3 Cases Where Surveillance Footage Made a Difference.
Regardless of the merits of the ongoing debate about the use of surveillance cameras in public places, we all know that their use is ubiquitous. Security cameras are routinely used by law enforcement, banks, stores, toll booths, homeowners, and more. Some reports estimate that nearly every American citizen is caught on camera several times per day.
The remarkable proliferation of surveillance cameras has impacted the way conscientious personal injury attorneys investigate their cases. Because the claimant has the burden of proof in an injury claim, a case of “he said, she said” without corroborative evidence can be a risky proposition at trial. This is particularly true in Virginia, one of only four states that recognizes the doctrine of contributory negligence. Simply stated, that doctrine denies any recovery whatsoever to a person whose negligence contributed to the happening of the accident, even if it is only 2% or 3% of the total negligence. (Most states have some form of comparative negligence, a doctrine that deducts the claimant’s percentage of fault from the verdict amount.) Interestingly, from our perspective, use of surveillance cameras has been an effective antidote to the denials of defendants, as the three cases below illustrate.
Our client, while driving a tractor-trailer, claimed that an automobile in the merge lane of an on-ramp to his right suddenly drove into the side of his truck, causing his head to be slammed into the side window and injuring his neck. The collision occurred during the day under clear, dry conditions. It defied logic that a driver could have failed to observe the truck. Even if the other driver was primarily negligent, the suggestion that our client may have drifted to his right raised the defense of contributory negligence. Our client was so seriously injured that he ultimately required spinal surgery. The stakes were high. Remarkably, the large trucking company had two cameras in the truck, one pointing outward and one pointing at the driver. One look at those tapes caused the defendant’s insurance company to throw in the towel. The case settled at policy limits.
In a highly publicized murder case in which a husband and father of four was accused of murdering his wife, the principal issue for the prosecutor in the criminal case and plaintiff’s counsel in the civil case was whether he or some other intruder entered the wife’s home on night of the murder. The husband contended he was nowhere near her home on the night of the crime. A thorough investigation revealed that a neighbor’s security camera had recorded the image of a man approaching the subject house at one of the only times he could have entered it undetected. The film clip, grainy and recorded at night, did not clearly identify the man’s face, but it did show a gait that was consistent with the husband’s earlier athletic injury. It was likely the prosecution’s most important piece of evidence. The jury found the husband guilty; the judge imposed the jury’s recommended sentence of life in prison.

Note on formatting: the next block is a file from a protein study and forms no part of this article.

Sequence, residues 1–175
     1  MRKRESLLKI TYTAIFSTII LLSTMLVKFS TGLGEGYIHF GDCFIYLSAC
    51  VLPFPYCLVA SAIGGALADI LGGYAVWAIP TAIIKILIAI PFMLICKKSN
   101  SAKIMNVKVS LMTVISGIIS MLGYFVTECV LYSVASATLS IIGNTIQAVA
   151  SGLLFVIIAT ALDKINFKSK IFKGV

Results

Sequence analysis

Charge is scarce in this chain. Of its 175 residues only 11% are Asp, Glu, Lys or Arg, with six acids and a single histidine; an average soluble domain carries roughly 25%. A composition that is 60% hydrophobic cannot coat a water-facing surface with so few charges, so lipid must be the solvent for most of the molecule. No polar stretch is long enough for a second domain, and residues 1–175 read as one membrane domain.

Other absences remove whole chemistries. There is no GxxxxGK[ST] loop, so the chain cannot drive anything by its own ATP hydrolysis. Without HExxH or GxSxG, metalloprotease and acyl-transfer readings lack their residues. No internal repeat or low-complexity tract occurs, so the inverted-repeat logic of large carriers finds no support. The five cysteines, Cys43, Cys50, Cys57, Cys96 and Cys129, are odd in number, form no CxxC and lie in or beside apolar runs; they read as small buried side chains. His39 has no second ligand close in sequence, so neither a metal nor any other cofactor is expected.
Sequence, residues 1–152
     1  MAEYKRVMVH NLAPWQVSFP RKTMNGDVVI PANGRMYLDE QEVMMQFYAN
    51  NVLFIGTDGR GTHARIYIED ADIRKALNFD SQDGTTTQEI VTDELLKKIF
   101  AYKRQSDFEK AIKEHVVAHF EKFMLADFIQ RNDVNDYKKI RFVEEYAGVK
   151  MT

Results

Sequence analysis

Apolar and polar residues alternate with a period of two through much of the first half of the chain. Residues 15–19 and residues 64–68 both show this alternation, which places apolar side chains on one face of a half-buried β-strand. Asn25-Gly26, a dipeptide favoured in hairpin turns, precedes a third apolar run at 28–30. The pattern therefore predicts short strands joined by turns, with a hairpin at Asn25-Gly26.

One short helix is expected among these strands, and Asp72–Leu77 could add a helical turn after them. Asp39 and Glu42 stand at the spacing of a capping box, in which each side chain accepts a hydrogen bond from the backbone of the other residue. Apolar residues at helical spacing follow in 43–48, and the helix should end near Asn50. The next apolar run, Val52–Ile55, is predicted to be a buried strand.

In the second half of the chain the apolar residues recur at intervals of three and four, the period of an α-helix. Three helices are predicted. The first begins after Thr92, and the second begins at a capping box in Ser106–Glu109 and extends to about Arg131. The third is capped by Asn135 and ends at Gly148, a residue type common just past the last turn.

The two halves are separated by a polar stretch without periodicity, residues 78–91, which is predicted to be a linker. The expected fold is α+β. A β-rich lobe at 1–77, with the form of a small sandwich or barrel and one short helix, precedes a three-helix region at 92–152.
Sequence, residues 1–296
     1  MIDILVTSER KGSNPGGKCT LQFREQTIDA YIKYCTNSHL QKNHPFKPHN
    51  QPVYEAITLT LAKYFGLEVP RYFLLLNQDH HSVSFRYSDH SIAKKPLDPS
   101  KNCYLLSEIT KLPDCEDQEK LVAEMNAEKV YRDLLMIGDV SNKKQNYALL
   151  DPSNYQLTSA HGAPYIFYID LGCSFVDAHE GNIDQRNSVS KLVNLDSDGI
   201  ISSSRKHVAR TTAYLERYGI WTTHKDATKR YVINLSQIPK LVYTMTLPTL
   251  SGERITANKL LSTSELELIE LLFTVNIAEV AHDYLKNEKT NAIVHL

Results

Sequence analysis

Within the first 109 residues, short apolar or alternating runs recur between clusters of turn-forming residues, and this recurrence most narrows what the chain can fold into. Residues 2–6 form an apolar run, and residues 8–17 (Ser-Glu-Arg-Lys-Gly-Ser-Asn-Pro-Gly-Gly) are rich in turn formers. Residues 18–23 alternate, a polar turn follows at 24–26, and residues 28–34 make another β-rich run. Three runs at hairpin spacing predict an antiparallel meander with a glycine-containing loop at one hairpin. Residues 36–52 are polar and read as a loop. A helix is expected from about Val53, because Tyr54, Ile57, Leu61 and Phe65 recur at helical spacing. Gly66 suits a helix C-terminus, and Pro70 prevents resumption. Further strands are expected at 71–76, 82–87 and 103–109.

In this case, our client was a shopper who was hurt in a large parking lot outside of a big box retailer. The woman called us from the hospital after a week of being treated for a serious orthopedic injury. She explained that she had left the store in which she had been shopping, reached the edge of the sidewalk in front of it, and saw two cars. She made eye contact with the drivers, both of whom were stopped, and started across the road. As she reached the middle of the road, one of the vehicles suddenly accelerated into the road and struck her. She was catapulted several feet in the air and landed on the pavement. The offending driver can be heard on the 911 tape saying he “bumped” a pedestrian. This had the makings of a classic “he said, she said” case until the store owner provided a video of the entire event. Importantly showed our client coming out of the store, looking both ways twice, starting across the road, and suddenly being slammed and launched by a fast moving vehicle. The “he said” part instantly did not matter. The tape said it all.
The Moral of the Stories
Surveillance cameras are no doubt controversial, and understandably so for those who place a high value on privacy. But there is little doubt that they can be invaluable to plaintiffs and prosecutors faced with the burden of proof, and defendants who are inclined to take self-serving liberties with the truth.